2. Section 47 deems to cover under its clause (vii) only the Transfer of Shares of the Amalgamating Company to it and not the allotment of Shares in the Amalgamated Company. Allotment of Shares in the Amalgamated Company to the Shareholders of the Amalgamating Company in a scheme of Amalgamation is an Extinguishment u.s. 2(47) and hence is chargeable to Capital Gain Tax. [CIT v. Mrs. Grace Collis [2001] 248 ITR 323 (SC)].

  3. While granting exemption u.s. 47(vii) on Transfer of Shares held in an Amalgamating Company during a scheme of Amalgamation (item 13 in table above), the court had held that if the Consideration paid to the Shareholders on such Amalgamation consists something more that the Shares in the Amalgamated Company, then benefit granted under this section shall stand to be reclaused; consideration contemplated is only Shares and not bonds/debentures. And the full value of Shares received shall be taken as Gross Consideration for Capital Gain purpose u.s. 45. The combined reading of section 2(42A), 47(vii) and 49(2) leaves no room for doubt that the ‘consideration’ contemplated under sub- clause (a) of section 47(vii) is nothing but Share or Shares only in the amalgamated Company. It is not necessary to add or read the word ‘only’ in that sub-clause. If besides the Share or Shares in the amalgamated Company, the Shareholder of amalgamating Company is allotted something more, say bonds or debentures, in consideration of the Transfer of his Share or Shares in the amalgamating Company, he cannot get the benefit of section 47(vii). Composite consideration is not contemplated by section 47(vii)(a) [ITO v. Gautam Sarabhai Trust [1988] 173 ITR 216 (Guj. HC)].

  4. Whenever a Holding Foreign Company received Assets on the voluntary liquidation of its wholly owned Subsidiary Company, the transaction shall fall outside the ambit of section 47(v) and the transaction shall be taxed as Capital Gains u.s. 46(2). The cost of the Assets obtained from the liquidated Company has to be compared with the cost of acquisition of Shares held by the Holding Company in the Subsidiary Company for computation of Capital Gains. [CIT v. Brahmi Investments Private Limited 286 ITR 66 (Guj. HC)].

  5. Provisions of section 47(v) (see item 3 and 4 above) would apply to only Capital Assets alone and not to Stock-In-Trade. This means if Stock-In-Trade are Transferred from Holding to its 100% Subsidiary or vice-versa, then the Transfer shall be chargeable under Chapter IV-D as Profits and Gains from Business or Profession as Capital Asset u.s. 2(14) excludes Stock-In-Trade. [CIT v. Simpson General Finance Co. Ltd. [1998] 96 Taxman 172 (Mad. HC)].

  6. The Conversion of a Partnership Firm into a Company under Part IX [Joint Stock Company] of the Companies Act is not a Transfer and hence, is not chargeable to tax as Capital Gains. [in re Texspin Engg. & Manufacturing Works 263 ITR 345 (Bom. HC)].

  7. The language employed in section 47(iii) will apply only to actual Transfers and not deemed Transfers. Hence section 47(iii) shall not apply to such deemed Transfers and Capital Gain Tax shall apply to such Transfers. [CIT v. Bharani Pictures [1981] 129 ITR 244 (Mad.); CIT v. Tibruz Mustafa Bilgen [1986] 157 ITR 723 (Mad.); CIT v. Jankut Mustafa Bilgen [1986] 157 ITR 728 (Mad.); ITO v. Buragadda Satyanarayana [1977] 106 ITR 333 (AP)].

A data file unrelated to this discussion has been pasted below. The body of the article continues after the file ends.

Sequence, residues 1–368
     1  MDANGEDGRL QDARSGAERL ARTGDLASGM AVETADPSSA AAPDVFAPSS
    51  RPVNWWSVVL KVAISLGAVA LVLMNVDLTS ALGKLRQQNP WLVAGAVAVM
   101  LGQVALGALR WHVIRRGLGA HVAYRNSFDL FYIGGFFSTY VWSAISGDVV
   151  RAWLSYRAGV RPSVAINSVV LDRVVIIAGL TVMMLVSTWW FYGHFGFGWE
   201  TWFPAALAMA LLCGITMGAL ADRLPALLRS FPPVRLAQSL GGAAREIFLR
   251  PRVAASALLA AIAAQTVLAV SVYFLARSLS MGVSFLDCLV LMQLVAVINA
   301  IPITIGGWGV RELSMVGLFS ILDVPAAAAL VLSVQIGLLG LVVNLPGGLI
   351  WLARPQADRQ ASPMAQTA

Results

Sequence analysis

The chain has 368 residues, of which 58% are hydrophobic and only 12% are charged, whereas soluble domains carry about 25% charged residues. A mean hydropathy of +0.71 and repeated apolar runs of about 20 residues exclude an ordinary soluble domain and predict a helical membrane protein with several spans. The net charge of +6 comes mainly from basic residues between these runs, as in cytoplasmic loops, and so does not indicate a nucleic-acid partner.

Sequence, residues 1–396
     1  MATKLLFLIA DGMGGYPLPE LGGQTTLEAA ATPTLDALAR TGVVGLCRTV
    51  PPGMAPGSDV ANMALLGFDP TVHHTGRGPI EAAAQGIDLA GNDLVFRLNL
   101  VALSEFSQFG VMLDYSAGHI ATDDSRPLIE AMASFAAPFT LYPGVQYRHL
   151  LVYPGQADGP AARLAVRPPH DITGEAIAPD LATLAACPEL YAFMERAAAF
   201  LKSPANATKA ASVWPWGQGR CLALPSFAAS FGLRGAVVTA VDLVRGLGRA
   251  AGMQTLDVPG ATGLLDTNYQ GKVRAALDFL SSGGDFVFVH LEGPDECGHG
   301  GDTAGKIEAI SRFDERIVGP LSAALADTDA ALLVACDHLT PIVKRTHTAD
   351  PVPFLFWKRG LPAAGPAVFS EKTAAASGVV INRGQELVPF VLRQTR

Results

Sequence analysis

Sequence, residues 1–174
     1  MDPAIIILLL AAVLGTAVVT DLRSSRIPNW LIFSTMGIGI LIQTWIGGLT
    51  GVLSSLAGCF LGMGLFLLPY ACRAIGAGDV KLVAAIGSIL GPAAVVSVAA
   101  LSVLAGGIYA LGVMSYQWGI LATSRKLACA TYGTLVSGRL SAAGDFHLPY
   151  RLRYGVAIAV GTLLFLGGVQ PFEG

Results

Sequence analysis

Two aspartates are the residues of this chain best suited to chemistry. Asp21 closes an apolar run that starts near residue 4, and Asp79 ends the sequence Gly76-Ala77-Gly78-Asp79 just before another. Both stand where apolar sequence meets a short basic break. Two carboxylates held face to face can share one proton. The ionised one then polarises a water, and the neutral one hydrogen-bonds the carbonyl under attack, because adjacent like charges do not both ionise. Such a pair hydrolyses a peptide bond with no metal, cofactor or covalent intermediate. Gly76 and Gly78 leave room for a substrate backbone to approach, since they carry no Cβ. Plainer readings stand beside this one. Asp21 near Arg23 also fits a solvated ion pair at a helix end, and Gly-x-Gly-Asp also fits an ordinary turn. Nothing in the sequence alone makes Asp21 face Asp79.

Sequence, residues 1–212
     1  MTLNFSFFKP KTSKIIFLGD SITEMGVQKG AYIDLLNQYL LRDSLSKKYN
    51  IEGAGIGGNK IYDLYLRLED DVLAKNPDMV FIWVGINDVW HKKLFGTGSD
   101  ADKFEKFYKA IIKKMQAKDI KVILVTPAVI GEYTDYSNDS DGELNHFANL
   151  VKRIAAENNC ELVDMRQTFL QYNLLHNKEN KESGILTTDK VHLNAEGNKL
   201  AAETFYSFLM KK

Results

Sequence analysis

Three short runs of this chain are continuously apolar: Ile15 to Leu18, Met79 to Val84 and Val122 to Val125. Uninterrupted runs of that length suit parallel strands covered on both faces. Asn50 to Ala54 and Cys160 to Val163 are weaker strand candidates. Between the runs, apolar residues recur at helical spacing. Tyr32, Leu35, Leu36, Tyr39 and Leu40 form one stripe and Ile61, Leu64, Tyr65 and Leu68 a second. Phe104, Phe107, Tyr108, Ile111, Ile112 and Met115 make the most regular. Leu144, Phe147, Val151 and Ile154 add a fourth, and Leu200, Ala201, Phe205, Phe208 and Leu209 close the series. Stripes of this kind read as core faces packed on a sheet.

8. Merely because Transfer of Shares held in a wholly owned Indian Company by one Foreign Company to one of its another Foreign Subsidiary abroad does not fall into the clutches of section 47(iv) as the Transferee subsidiary Company is not an Indian Company and its being an Indian Subsidiary is the very crux of the benefit based on which the transactions cannot be regarded as Transfer, it cannot be termed that the Transfer of Shares would fall outside the ambit of exemption accorded u.s. 47 and shall hence be taxed as Capital Gains. Such a transaction cannot be made to tax as Capital Gains. [Vanendurg Group B.V. v. CIT 289 ITR 464 (AAR)].

E. Other important Sections in the Income Tax Act involving Section 47

  1. Section 43C speaks about the Cost of Acquisition of Stock-in-Trade in certain special situations:

a. In case of Acquisition made during Amalgamation of two Companies, the Cost of Acquisition shall be the sum total of Cost to the Amalgamating Company and the Cost of improvement and Expenses incurred for the Transfer.

b. In case of Acquisition made during Total or Partial Partition of HUF or as Gift or Will or Irrevocable Trust, the Cost of Acquisition shall be the sum total of Cost to the Previous Owner and the Cost of Improvement and Expenses incurred on such Transfer.

  1. Section 44DB supplements the matter granted u.s. 47(vica) by drafting out the conditions to be complied with, in order to fall under this section. Further as a business re-organisation can take shape in the nature of Amalgamation or Demerger, the section further carves out separately, the conditions to be complied with to fall into the ambit of section 47(vica) in those two situations

a. If the Re-organization is in the nature of Amalgamation,

i. All the Assets and Liabilities of the Amalgamating Co-operative bank immediately before the re-organisation should be Transferred to the Successor Co-operative bank on the re-organization.

ii. Members in the Amalgamating Co-operative bank holding at least 3/4th of Voting Rights have to become the members in the successor Amalgamated Co-operative bank.

iii. Shareholders in the Amalgamating Co-operative bank holding at least 75% of the Shares shall have to become the Shareholders in the Amalgamated Co-operative bank.

b. If the Re-organization is in the nature of Demerger,

i. All the Assets and Liabilities of tihe Demerging Co-operative bank(s) immediately before the re-organisation should be Transferred to the Resulting Co-operative bank(s) on the re-organization.